RCTW Junior Rowers experienced a unique opportunity early February when fellow rowers from Denver-area Mile High Rowing club visited.
RCTW rowers spent the weekend rowing and socializing with a dozen young rowers. RCTW and Mile High are part of the Central Youth district, which is widely spread out. The visit gave the youth a chance to meet and row with fellow competitors outside the realm of a competition.
Mile High Rowing Club has 27 members registered for the winter season; a dozen were able to make the short trip to Texas. Because of the colder weather, the team’s body of water is closed from December 1 through March 1, MHRC head Grace Malacrida said. She wanted a way to reward her rowers with some on-the-water time after spending so many weeks just rowing on the ergometer.
Malacrida and RCTW Head Coach Dee Hotop have had discussions of getting the two team together over the years. The trip was the first time Malacrida took her athletes on a trip like this. She was surprised by how many boats the Woodlands team had as well as the great body of water it has for workouts.
She said she appreciated the hospitality of RCTW and hopes to return the favor by having the Rowing Club of The Woodlands go and spend time in Colorado. Coaches Hotop and Flynn are eager to see this exchange happen.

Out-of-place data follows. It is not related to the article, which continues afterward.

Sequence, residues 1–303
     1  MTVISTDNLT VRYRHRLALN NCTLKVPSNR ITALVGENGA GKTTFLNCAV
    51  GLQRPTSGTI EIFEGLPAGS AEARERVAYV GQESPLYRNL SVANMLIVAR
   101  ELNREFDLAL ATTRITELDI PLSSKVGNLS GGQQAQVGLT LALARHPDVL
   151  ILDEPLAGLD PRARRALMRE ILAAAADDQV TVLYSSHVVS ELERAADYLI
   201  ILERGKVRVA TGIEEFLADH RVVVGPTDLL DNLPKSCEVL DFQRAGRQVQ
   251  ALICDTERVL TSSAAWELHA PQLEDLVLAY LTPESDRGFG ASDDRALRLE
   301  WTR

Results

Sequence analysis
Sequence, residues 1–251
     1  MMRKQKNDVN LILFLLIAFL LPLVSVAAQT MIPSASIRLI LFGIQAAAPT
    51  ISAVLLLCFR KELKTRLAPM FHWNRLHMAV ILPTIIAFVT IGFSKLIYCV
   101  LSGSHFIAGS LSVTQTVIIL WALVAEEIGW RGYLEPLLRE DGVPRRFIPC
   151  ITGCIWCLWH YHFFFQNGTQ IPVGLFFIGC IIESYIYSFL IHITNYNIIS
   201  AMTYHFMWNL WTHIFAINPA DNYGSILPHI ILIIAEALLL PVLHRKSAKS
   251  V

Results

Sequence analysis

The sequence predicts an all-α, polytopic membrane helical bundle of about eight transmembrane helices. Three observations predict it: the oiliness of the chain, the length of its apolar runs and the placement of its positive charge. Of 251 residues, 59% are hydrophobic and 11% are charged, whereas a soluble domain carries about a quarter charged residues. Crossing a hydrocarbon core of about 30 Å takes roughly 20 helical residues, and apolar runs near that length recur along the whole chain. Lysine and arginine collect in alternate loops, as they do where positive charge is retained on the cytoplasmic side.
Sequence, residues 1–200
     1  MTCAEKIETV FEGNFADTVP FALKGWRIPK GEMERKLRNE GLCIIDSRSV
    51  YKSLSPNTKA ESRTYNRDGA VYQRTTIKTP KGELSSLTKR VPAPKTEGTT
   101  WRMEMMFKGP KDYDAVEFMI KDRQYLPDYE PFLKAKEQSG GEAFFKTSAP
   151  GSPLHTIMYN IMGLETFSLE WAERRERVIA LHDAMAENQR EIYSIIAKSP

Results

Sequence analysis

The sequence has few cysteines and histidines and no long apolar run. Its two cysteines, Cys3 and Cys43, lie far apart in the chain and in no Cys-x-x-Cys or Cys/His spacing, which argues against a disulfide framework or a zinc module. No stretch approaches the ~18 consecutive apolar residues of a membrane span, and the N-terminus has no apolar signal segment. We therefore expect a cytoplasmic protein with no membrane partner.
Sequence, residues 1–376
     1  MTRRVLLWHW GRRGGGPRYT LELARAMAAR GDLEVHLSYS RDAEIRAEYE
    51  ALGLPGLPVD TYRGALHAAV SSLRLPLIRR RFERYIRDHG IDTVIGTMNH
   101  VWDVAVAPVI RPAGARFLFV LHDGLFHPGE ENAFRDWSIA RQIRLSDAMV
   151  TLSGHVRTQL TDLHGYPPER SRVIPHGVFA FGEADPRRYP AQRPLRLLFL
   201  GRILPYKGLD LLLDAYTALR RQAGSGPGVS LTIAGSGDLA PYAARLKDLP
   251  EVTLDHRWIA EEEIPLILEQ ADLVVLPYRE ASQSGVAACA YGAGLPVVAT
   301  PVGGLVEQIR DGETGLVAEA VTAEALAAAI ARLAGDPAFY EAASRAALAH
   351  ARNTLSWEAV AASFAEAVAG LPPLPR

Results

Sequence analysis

“This was an experiment for my team, and I hope to make this a regular part of our training,” Malacrida said. “The beauty of Colorado and the benefits of elevation training are undeniable,” Flynn stated. “We have a great deal of respect between these two programs and a long time relationship with the coaches, we will work to make this happen for our athletes benefit,” Hotop said.
The RCTW junior rowers enjoyed the experience as well. After spending the weekend with the Colorado team, Morgan, a junior competitive rower for RCTW, said he had a new appreciation for the amount of time this team had to train on water.
“We could really appreciate how lucky we are to be able to row on the water more months out of the year,” he said.
For Hotop, the visit provided a chance to focus on fun and making friends among the sport of rowing. It also was a way to train with a team that is successful in spite of a short amount of water time.
“Even though it was cold, we all had a great time,” Brooks, a junior development rower, said.
“I enjoyed meeting other rowers,” Eesa, a junior competitive rower, said.”The people were cool.”
Mile high was established in 2009 by Malacrida and parent volunteers. The highly successful club regularly qualifies boats for elite national competitions and many of its junior rowers go on to Division I rowing teams in college.